International Association for Hospice & Palliative Care, Lien Foundation, TPI Enterprises, Open Society Foundations, Australasian Palliative Link International, Moonshine Agency


88 minute feature, 55 minute TV version, short films, DVD/ Blu-ray, VOD,  email marketing, social media campaign, mass media publicity, website.



Broad theatrical release and speaking tour in Australia, USA, Canada, India and UK throughout late 2017 and 2018.

International television, VOD (Amazon Prime) and educational distribution (Kanopy Streaming).

Extensive mass media coverage (including the New York Times).

Significant fundraising contribution in the hundreds of thousands of doallars.

Multiple awards & rave reviews.

Innovation High


Innovation High is an original web series about the future of education.

The Australian education system has become segregated through socioeconomic or academically selective schools, especially in the capital cities.  However, growing evidence suggests that this is counterproductive to the overall performance of Australia’s education standards and restricts social mobility. 

A new approach is urgently needed that brings Australian children together again under a public education system driven to innovate and excel.  The greatest opportunity for innovation in education is when a new school is being established. 

This is the story that Innovation High will tell…

While the film series places a focus on Richmond High, it is not limited to telling stories about this school alone.  We aim to fan the flames of a national conversation and want to hear the views of students and parents around the country.  We also want to hear from thought leaders, educators and stakeholders of all types.


Innovation in Contemporary Education




Hayball, Moonshine Agency


TV/ VOD Series (in-production), 30 short films, email marketing, social media campaign, mass media publicity, website.



Coming soon.

Take Heart

What disease starts with a sore throat, or infected skin sores in children, and if left untreated can advance to open heart surgery, permanent disability, stroke and premature death?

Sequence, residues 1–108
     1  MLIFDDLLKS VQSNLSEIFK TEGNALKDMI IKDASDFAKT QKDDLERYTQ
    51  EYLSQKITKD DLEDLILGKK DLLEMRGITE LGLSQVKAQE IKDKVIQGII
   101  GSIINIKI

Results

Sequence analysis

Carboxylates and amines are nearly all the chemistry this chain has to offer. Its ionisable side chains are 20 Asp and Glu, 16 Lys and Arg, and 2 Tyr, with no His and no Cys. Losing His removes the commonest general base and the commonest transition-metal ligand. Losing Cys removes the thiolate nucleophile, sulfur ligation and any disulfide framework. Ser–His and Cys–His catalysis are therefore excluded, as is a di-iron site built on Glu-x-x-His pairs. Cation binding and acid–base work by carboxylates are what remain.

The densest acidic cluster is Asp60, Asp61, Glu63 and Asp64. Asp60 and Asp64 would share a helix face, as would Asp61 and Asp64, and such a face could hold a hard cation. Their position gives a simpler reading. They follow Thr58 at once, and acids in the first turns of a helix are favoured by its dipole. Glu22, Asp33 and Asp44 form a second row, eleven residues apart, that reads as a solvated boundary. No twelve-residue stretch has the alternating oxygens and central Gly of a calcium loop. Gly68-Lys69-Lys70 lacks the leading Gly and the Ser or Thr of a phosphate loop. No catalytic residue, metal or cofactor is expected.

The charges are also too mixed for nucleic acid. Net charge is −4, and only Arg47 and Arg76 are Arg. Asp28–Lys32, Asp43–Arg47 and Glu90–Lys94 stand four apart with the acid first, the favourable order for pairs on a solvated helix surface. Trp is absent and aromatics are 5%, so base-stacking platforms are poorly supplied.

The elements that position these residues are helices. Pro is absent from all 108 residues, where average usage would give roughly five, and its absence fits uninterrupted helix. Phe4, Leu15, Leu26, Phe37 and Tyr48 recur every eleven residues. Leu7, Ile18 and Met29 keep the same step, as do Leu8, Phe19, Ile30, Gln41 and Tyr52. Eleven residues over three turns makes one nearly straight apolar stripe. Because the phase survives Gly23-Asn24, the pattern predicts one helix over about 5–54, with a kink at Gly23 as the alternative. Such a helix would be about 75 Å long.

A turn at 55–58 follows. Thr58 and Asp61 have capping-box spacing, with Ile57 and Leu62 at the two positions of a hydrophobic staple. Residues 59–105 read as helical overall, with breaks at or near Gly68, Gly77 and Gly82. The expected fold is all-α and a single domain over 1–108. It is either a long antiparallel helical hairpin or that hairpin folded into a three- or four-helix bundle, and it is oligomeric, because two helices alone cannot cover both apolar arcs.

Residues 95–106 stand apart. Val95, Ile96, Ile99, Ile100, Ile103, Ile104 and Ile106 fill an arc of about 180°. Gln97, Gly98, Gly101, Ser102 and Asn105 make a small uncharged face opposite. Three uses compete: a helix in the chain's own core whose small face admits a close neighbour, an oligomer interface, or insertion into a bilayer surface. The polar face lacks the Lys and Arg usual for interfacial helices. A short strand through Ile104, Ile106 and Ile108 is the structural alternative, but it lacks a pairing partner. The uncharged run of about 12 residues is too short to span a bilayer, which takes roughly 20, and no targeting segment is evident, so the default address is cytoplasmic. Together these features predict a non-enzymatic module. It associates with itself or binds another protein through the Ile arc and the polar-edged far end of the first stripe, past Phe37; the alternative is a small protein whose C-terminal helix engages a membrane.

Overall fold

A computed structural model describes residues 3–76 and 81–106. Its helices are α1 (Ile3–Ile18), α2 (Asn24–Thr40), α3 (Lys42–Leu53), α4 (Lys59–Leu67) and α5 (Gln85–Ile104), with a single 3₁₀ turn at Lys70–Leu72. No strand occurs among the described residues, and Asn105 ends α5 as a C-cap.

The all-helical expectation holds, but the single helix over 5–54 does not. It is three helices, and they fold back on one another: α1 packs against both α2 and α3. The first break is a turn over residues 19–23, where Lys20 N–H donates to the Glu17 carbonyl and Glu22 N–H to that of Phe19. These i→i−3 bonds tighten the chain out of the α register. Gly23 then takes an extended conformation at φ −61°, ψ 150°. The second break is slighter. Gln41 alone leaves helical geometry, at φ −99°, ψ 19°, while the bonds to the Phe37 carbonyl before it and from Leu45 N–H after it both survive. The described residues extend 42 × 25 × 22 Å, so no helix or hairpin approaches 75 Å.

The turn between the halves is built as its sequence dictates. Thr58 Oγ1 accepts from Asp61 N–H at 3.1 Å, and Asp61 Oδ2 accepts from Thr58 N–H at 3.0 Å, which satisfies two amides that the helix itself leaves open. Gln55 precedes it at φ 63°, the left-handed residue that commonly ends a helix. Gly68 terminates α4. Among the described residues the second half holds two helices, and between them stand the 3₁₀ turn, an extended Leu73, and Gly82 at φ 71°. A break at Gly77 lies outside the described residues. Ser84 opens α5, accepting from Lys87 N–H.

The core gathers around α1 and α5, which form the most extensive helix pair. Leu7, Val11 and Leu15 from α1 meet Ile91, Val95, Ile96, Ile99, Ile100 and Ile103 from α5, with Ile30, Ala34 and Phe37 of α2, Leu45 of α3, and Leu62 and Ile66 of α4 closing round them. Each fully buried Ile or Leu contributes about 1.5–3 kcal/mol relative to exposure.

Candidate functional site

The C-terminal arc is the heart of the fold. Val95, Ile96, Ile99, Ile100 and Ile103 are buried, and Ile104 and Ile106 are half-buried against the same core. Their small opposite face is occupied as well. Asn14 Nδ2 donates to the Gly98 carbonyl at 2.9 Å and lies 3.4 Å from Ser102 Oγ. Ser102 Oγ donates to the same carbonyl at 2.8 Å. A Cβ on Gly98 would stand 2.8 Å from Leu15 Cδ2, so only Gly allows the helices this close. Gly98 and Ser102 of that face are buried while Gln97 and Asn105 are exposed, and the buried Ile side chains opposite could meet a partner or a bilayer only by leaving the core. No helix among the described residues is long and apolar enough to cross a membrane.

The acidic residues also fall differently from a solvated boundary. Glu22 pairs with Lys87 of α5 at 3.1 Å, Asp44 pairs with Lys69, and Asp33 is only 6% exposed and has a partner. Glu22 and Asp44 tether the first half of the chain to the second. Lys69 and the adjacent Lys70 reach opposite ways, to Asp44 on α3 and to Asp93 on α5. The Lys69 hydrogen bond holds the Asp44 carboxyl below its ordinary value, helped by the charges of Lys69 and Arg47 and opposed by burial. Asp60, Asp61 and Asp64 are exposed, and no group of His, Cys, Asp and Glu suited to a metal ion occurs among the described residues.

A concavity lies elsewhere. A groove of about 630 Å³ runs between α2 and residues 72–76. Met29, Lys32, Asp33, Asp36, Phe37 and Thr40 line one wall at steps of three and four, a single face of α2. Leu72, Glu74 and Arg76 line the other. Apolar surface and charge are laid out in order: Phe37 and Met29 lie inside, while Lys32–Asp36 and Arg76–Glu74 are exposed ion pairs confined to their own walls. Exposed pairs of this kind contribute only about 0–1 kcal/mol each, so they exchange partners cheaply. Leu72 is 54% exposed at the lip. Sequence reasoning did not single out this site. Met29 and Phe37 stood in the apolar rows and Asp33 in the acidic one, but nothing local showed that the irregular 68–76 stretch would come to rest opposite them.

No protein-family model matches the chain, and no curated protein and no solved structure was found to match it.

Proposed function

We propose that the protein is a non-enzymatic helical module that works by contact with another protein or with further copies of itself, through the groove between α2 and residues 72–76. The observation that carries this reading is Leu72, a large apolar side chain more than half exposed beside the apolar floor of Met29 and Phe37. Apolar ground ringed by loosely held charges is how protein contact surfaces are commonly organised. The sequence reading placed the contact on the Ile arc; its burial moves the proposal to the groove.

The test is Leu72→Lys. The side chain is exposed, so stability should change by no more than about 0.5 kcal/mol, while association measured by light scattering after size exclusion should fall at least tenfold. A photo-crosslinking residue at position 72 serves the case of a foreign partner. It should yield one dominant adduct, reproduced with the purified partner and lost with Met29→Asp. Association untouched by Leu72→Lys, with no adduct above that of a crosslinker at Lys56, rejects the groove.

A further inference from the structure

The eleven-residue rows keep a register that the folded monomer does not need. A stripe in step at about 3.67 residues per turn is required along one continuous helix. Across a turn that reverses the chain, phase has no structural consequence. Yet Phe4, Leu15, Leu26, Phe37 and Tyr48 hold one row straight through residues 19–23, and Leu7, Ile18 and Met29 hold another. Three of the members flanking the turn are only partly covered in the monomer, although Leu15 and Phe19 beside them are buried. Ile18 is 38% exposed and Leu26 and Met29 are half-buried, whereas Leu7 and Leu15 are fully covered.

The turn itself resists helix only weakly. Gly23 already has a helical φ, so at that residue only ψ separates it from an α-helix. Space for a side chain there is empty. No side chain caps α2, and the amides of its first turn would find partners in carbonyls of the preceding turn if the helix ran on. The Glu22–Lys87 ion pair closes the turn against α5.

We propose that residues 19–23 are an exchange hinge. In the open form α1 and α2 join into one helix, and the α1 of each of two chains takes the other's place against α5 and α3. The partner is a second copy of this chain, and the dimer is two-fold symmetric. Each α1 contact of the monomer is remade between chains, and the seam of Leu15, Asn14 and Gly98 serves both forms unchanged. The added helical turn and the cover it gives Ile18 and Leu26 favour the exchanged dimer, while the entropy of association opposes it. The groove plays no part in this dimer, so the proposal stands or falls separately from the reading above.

Rheumatic Heart Disease, or RHD, is a largely invisible disease that threatens the lives of over 30 million children and young people around the world.

Take Heart: The Quest to Rid Australasia of Rheumatic Heart Disease lifts the lid on this life-threatening disease that is 100% preventable.

Narrated by Logie & Walkley Award Winner, Mr Stan Grant, this powerful and provocative film is the first in a global series that focusses on Australasia – Australia, New Zealand and the South Pacific.

The first peoples of this region – Indigenous Australians, New Zealand Māoris and Pacific Islanders – have among the highest rates of Rheumatic Heart Disease in the world.

While Australia and New Zealand are ranked top 2 and 7 on the UN’s Human Development Index, this epidemic highlights the gap between Indigenous and non-Indigenous peoples.

Take Heart provides a first hand account that explores how we can close this gap and prevent more children being struck down by this completely preventable disease.

Winner of 9 Global Independent Film Awards, an Impact Docs Award and Accolade Global Film Competition Humanitarian Award 2017.

Discover More at Project Website




The Quest to Rid Australasia of Rheumatic Heart Disease (RHD)




Aspen Foundation, Bupa, Snow Foundation, Heart Foundation, Cardiac Society Australia & New Zealand, Cure Kids, World Heart Federation, NT Cardiac, RHD Australia, Australasian Maternity Outcomes Surveillance System, NZ Ministry of Health, SBS (NITV),  ABC International, Moonshine Agency


52 minute feature, 25 x short films, action toolkit, photography exhibition, smart phone apps, DVD/ Blu-ray, email marketing, social media campaign, mass media publicity, website, translation in 12 languages, Government advocacy, academic evaluation.



Television broadcast in 45 countries including prime-time in Australia

Dozens of cinema-on-demand screenings in urban and regional Australia including at Parliament House Canberra

10+ million mass media impressions

Improved retention of key messages

Improved compliance

International film festival screenings

Conference & UN screenings

Improved political buy-in

12 Awards

LIFE Before Death

LIFE Before Death is a multi-award winning social action documentary film series about the global crisis in untreated pain and the dramatic life-changing effects pain treatment and palliative care services can deliver to patients and their families.

The film asks the fundamental question underpinning our mortality:

How will you die?

This beautifully filmed journey takes us to 11 countries as we follow the remarkable health professionals battling the sweeping epidemic of pain that threatens to condemn one in every ten of us to an agonizing and shameful death. 

Through the eyes of patients and their families we discover the inherent humanity that empowers the best of us to care for those beyond cure.